De Bijenkorf (the Beehive) is the largest and one of the oldest department stores in Amsterdam, founded in 1870. Located in a grand building on Dam Square, the heart of the city, it attracts locals and international tourists with more than 226,000 square-feet of shopping space containing all the international luxury brands one expects these days as well as some local brands. The top floor has multiple food vendors and a food court with most of the places specializing in Dutch foods. It accepts all currencies and has a “tax free lounge” where non-EU residents can receive their tax refunds so they don’t have to do it at the airport. It’s the only tax refund service point in the Netherlands.
The Nine Streets is a quirky neighborhood made up of (guess) nine streets filled with small, independent upscale shops with the majority of them locally owned. Otentic Perfumes has a collection of 65 fragrances divided into eight “families” or “moods.” The idea is to determine your favorite fragrance based on individual scents. You can do this yourself through a grouping of eight interactive displays or guided by trained employees until you find the combination of scents that suits you. The Amsterdam Watch Company specializes in collectible timepieces. It is a seemingly small store but has an inventory of more than 40 watch brands, from Audemars Piguet to Zenith.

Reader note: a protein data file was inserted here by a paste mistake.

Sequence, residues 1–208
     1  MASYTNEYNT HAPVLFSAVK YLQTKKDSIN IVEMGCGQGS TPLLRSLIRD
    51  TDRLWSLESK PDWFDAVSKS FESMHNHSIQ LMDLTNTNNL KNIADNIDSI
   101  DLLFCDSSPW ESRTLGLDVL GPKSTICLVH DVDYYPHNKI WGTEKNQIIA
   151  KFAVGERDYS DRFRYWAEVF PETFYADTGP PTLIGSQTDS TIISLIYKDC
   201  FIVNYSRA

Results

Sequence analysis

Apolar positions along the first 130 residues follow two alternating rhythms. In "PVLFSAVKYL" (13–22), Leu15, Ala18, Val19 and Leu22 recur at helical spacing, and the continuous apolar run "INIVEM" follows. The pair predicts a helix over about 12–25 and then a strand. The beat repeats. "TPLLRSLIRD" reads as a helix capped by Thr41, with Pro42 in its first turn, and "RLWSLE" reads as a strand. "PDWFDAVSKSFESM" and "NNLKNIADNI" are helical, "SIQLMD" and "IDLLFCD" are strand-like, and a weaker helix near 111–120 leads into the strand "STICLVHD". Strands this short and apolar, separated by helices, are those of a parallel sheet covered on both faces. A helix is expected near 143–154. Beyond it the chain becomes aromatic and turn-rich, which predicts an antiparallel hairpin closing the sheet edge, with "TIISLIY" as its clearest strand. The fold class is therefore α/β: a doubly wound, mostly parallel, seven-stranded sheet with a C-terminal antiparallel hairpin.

X Bank – On the ground floor of the W Amsterdam Hotel is the concept design store that specializes in locally made products. The Dutch are known for minimalistic, experimental, innovative and even humorous designs and the retail space features the breadth of Dutch design, ranging from high-end furnishings and artworks to apparel and accessories. Prices at the store range from 8 to 80,000 euro.
With 180 nationalities residing in this lively, diverse city you can find food from all over the world. The fine dining scene has really come of age with no fewer than 18 Michelin star restaurants currently operating in the city. Among the best places is Bord’Eau in the hotel De L’Europe in Amsterdam. If you prefer something a bit more casual you can opt instead to go to the Hoofdstad Brasserie with the same international inspired cuisine. The two-star Michelin restaurant, Librije’s Zusje, in the Waldorf Astoria Amsterdam, is a formal dining space with a menu offering international cuisine in a restaurant that overlooks the hotel’s country-like courtyard garden. The world-famous Rijks Museum also has a Michelin star restaurant, RIJKS, which focuses on local and seasonal cuisine. Vermeer, in the Hotel NH Collection Amsterdam Barbizon Palace, is chef’s Christopher Naylor’s take on local ingredients and seasonal menus with dishes that change daily. Bridges in the Sofitel Legend The Grand Amsterdam specializes in fish dishes in a comfortable, cozy atmosphere.